Hook reported later in his autobiography, Out of Step: An Unquiet Life in the 20th Century (1987): "Stripped of its euphemisms, this was a request that I set up a spy apparatus! Before Browder was through outlining the details of this third proposal, I was in a state of panic. At first I thought it was a kind of test of my resoluteness and loyalty, to see how I would react. But why should I be tested? I had not applied for membership in the Communist Party. All the overtures had come from them to me. When Browder finished speaking, I was at first at a loss for words." When Hook pointed out he was not a member of the American Communist Party Browder replied: "I know, but for some kinds of work official membership in the Party is not necessary. Sometimes it is an advantage to be able to say that one is not a member." Hook was later to discover that Browder was himself a Soviet spy and that the main objective was to recruit non-party members to obtain secret information. had a strategy of recruiting spies who were not party members. Hook rejected the offer and cut off all contact with the party.

American Workers Party

Hook was disturbed by the events that were taking place in the Soviet Union. He no longer felt he could support the policies of Joseph Stalin. Hook now decided to join with other like-minded people to form the American Workers Party (AWP). Established in December, 1933, Abraham Muste became the leader of the party and other members included Louis Budenz, James Rorty, V.F. Calverton, George Schuyler, James Burnham, J. B. S. Hardman and Gerry Allard.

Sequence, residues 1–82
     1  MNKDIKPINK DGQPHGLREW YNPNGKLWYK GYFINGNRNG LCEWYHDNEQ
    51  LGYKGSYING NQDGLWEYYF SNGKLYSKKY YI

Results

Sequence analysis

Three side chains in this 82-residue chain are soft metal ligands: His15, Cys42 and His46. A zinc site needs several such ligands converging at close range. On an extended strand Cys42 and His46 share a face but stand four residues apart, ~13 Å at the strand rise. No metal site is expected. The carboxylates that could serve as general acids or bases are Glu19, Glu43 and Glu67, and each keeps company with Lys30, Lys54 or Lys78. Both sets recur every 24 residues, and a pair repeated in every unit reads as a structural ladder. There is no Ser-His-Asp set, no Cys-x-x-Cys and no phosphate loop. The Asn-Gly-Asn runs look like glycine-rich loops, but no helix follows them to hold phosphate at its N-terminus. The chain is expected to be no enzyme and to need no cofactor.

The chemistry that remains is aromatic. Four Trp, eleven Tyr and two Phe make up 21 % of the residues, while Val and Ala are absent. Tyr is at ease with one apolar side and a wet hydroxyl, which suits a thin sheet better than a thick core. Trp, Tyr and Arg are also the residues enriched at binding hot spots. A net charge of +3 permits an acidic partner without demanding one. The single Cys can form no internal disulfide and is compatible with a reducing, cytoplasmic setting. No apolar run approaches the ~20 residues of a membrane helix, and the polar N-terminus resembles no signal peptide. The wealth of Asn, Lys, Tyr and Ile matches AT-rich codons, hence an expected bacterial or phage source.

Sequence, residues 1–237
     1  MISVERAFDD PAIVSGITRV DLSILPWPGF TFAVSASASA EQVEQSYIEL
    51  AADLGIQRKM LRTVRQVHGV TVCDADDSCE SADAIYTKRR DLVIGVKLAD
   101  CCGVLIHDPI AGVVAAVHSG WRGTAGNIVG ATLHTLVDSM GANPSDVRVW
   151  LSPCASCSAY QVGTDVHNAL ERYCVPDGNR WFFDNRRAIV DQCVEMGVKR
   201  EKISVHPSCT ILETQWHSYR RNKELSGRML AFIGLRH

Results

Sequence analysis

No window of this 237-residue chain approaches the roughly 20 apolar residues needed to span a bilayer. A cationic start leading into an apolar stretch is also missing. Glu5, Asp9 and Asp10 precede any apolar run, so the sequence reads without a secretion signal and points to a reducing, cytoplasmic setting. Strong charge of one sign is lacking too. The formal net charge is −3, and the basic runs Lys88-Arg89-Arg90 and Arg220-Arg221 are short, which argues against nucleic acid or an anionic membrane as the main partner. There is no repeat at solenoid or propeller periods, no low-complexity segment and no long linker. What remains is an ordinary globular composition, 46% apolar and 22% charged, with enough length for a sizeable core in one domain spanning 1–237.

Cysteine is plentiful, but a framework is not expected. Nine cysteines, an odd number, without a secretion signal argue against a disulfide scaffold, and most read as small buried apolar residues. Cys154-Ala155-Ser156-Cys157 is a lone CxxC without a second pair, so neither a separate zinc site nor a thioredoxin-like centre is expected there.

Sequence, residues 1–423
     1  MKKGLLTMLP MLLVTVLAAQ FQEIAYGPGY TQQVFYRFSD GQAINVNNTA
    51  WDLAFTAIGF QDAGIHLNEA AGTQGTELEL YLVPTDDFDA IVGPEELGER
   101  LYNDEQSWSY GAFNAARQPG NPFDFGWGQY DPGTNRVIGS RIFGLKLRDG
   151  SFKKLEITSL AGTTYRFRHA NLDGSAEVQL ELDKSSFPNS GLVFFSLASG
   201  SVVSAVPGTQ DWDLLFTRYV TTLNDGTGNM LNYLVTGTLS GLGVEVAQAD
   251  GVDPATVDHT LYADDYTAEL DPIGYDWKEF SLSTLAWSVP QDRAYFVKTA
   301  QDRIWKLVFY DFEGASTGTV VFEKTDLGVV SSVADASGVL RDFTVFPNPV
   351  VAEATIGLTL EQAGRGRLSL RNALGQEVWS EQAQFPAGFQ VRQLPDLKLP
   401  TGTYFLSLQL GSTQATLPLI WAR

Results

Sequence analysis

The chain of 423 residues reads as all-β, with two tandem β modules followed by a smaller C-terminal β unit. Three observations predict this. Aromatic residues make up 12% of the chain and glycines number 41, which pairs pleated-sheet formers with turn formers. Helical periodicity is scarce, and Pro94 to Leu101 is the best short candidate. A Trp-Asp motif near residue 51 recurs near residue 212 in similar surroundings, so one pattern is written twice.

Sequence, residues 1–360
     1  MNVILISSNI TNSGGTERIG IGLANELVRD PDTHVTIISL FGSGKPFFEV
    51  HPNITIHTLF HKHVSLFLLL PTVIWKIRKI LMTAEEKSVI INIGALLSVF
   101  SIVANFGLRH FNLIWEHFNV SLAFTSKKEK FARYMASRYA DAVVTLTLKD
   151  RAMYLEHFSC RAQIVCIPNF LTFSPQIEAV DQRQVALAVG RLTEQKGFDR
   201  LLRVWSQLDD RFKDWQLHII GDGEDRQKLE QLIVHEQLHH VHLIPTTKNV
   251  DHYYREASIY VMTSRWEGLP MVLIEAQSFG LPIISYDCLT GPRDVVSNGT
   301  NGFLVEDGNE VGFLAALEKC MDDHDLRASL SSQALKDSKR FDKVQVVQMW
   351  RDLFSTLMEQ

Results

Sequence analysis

Hook later argued: "The American Workers Party (AWP) was organized as an authentic American party rooted in the American revolutionary tradition, prepared to meet the problems created by the breakdown of the capitalist economy, with a plan for a cooperative commonwealth expressed in a native idiom intelligible to blue collar and white collar workers, miners, sharecroppers, and farmers without the nationalist and chauvinist overtones that had accompanied local movements of protest in the past. It was a movement of intellectuals, most of whom had acquired an experience in the labor movement and an allegiance to the cause of labor long before the advent of the Depression."

Soon after its formation of the AWP, leaders of the Communist League of America (CLA), a group that supported the theories of Leon Trotsky, suggested a merger. Sidney Hook, James Burnham and J. B. S. Hardman were on the negotiating committee for the AWP, Max Shachtman, Martin Abern and Arne Swabeck, for the CLA. Hook later recalled: "At our very first meeting, it became clear to us that the Trotskyists could not conceive a situation in which the workers' democratic councils could overrule the Party or indeed one in which there would be plural working class parties. The meeting dissolved in intense disagreement." However, despite this poor beginning, the two groups merged in December 1934.

Show Trials